December 21st, 2008

Here’s an image of the print I did to help promote the book at the Baltimore Comic Convention in 2008. I wanted to show people what they would be seeing in the book without giving away too much.

Also, we were still in the early stages of making decisions on colors for our characters. Mike Devito and I had been going over possible color schemes for each character for a while and the only character who’s color choice was still up in the air was Harmony, the metallic ballerina. Below are several stages of the process of the print, and you’ll see she had been left without color until almost the very end while we were reviewing possible color choices.

Here is the clean pencil linework, done up in 2H lead and darkened up a bit in photoshop.

Here’s a photo I took with my phone to show Mike how our characters were coming out in color. I gave everyone simple base colors to start off with and gradually rendered them as I went. I knew red was going to be a dominant color in the whole piece, given the sky would be red, and I wanted to emphasize the violence with a color that would say it all, and I splotched red in areas of the characters to help unify them to the whole piece.

Here’s a bigger example of everyone’s color roughed in as well as continued rendering on our main characters. The medium I was using was mostly dyes, with acrylic white mixed with color to help steer the finishes where they had to go.

Here’s the image as I was approaching the finish.

The whole thing was a blast to work on. I’d never colored so many different things on one piece before, and it was a bit of a task figuring out how to tie the variety of colors together without letting anything get away from me. I used everything I knew about rendering tones in grayscale and applied it to color, and used anything I knew about color theory to make all of the color choices as visually interesting as I could.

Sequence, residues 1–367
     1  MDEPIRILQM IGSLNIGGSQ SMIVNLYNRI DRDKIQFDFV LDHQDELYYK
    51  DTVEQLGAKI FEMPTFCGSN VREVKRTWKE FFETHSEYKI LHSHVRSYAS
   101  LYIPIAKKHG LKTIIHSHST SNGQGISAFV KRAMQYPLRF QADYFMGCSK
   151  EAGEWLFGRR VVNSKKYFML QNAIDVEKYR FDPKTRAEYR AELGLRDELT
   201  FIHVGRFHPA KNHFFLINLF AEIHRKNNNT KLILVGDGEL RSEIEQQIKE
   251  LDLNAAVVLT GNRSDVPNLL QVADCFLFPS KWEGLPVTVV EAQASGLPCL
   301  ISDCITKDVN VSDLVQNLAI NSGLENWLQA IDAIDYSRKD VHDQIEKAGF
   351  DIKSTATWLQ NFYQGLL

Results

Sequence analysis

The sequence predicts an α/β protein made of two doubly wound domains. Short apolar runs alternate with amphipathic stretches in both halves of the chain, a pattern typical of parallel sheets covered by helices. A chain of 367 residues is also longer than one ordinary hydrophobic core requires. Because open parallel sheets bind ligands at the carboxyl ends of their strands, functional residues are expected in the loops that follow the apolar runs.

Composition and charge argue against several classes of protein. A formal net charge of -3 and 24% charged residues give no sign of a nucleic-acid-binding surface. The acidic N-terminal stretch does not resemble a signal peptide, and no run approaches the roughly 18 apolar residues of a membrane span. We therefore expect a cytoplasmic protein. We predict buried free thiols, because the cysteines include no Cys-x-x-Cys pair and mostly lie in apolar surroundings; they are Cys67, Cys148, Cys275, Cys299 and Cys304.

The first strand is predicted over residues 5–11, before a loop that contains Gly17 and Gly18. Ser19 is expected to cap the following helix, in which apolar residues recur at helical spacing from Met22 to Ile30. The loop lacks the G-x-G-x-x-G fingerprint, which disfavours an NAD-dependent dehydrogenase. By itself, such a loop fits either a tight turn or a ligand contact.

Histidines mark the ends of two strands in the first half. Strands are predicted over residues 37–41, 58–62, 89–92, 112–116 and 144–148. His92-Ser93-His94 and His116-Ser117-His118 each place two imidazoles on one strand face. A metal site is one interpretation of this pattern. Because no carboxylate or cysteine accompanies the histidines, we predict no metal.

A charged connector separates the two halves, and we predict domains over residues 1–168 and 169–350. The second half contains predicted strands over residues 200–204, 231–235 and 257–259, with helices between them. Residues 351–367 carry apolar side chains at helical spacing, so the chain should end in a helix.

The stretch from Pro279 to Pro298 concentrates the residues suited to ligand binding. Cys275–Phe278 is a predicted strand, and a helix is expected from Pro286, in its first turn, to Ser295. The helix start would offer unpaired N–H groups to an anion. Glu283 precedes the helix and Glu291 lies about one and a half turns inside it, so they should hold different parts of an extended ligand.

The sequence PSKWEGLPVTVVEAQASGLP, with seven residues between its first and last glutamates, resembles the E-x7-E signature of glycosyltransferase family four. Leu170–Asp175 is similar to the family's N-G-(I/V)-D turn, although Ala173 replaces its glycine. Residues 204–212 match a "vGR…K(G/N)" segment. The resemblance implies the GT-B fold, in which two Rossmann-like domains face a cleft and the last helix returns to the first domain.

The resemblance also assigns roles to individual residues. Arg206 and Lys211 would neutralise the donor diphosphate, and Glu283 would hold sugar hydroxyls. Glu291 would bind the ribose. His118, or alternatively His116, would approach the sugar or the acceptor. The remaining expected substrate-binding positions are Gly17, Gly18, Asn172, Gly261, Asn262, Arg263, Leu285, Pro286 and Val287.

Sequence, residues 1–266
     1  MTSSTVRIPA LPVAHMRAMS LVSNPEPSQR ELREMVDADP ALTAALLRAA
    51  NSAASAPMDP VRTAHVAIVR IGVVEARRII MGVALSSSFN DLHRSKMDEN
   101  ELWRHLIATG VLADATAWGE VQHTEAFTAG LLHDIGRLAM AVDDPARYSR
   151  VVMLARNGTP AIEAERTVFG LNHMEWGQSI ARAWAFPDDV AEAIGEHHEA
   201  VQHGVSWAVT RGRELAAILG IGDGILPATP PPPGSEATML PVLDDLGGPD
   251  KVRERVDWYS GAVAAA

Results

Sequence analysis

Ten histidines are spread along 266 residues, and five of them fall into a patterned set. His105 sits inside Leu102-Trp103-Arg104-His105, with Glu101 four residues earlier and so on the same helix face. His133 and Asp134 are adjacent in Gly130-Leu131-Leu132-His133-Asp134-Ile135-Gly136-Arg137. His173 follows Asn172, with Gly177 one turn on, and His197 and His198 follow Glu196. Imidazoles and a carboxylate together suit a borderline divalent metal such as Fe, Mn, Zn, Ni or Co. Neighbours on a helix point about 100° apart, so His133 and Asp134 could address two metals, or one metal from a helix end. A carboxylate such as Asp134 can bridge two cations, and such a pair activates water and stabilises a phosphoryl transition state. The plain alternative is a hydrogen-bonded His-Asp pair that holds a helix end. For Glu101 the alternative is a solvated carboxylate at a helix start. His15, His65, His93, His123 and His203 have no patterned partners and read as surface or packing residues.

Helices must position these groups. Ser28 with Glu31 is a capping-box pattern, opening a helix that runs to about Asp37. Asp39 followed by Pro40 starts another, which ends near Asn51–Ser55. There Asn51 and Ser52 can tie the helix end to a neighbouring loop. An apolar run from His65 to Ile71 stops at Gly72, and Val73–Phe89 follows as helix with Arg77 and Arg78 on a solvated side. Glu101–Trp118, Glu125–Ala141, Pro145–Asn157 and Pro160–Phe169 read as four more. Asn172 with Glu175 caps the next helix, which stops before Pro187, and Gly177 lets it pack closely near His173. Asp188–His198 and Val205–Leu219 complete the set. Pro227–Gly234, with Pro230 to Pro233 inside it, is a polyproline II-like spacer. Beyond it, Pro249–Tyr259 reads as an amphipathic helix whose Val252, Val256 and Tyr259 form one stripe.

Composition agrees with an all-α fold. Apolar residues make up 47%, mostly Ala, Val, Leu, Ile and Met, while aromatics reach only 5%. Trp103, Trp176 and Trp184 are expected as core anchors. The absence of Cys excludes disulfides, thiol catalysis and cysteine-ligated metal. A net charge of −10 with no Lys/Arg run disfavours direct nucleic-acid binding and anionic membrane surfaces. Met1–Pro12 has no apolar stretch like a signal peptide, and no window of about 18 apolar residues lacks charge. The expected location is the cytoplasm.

initial concepts

December 9th, 2008

head art 

The Stuff of Legend.

A while back Mike Devito approached me with a project he thought I might be interested in, something dreamed up by Mike Raicht and Brian Smith, and it turned out to be a project filled with things I’ve wanted to draw for a very long time… I just didn’t know it yet. It also had a pretty hefty title to live up to. How does one come up with the look of the “stuff of legend?” The premise was intriguing, especially to an illustrator such as myself, and my imagination took off as soon as I dived into the story outline and character descriptions. 

Here are the first concept illustrations with descriptions:


The story is about a group of toys who enter another realm through their owner’s closet, and once they enter they transform into more realistic versions of themselves. The duck pull-toy becomes a real duck, the teddy-bear becomes a real bear, etc. One of the first things that hit me was the reader was going to have to be able to connect the two, to really know that the duck was the same duck pull-toy, that the bear was the same teddy-bear, and while I knew color would definitely link them together, I thought I’d try to take a step further and implement patterns into their character designs (like stripes!). I also had to figure out how some things might translate from the toy version to the real version, such as the spring in the jack-in-the-box (Jester). For the jester’s spring, I gave him stripes on his legs.  


The Boogeyman was a bit tough. He’s always been the spook in the closet, under the bed, any area of a darkened room not illuminated by the night-light, so I thought his look should be something made of the dark. A lot of black. I thought I’d give him a bit of texture to his appearance, and after a while I came up with the black, tar-like fire that drips upwards and away from him.  Since we see him in a world of his own creation, I added bits of the goopy fire coming out of the ground around him to help emphasize his connection to the place, as if it’s visibly made of him in some respect, maybe so much that he can pour himself up and out of the ground everywhere and anywhere. Since he would be mostly cloaked I figured a good area of contrast would be his hands and his face, two areas I would be trying to sell his gestures. For his skin’s texture I tried for something porcelain – something that could possible be interpreted as cold and lifeless, and as his face transformed the veinish cracks could pull into wrinkles.